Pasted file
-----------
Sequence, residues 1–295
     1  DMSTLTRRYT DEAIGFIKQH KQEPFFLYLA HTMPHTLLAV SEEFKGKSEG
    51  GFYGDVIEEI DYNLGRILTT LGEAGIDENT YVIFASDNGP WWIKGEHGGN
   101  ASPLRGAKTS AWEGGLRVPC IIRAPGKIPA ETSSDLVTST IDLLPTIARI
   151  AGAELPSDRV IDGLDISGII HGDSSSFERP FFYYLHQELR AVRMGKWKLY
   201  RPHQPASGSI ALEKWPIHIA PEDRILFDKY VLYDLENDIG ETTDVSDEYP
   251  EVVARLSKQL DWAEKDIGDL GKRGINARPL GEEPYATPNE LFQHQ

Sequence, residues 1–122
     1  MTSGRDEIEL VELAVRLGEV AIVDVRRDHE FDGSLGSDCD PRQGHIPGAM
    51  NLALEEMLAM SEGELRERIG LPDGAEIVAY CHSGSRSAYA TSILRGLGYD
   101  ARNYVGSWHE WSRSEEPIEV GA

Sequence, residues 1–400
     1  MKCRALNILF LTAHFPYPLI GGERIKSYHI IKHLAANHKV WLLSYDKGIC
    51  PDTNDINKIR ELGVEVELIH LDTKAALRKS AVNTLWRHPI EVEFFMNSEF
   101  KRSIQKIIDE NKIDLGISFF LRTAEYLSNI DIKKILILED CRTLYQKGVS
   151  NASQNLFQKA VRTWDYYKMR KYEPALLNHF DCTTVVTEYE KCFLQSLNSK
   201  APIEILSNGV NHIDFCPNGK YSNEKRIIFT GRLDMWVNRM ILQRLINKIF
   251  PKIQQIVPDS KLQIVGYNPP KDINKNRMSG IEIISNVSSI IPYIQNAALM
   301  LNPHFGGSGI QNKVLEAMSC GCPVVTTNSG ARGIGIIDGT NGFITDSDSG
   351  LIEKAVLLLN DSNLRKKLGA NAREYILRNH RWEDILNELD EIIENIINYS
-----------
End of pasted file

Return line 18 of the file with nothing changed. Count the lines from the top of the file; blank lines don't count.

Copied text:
   251  PKIQQIVPDS KLQIVGYNPP KDINKNRMSG IEIISNVSSI IPYIQNAALM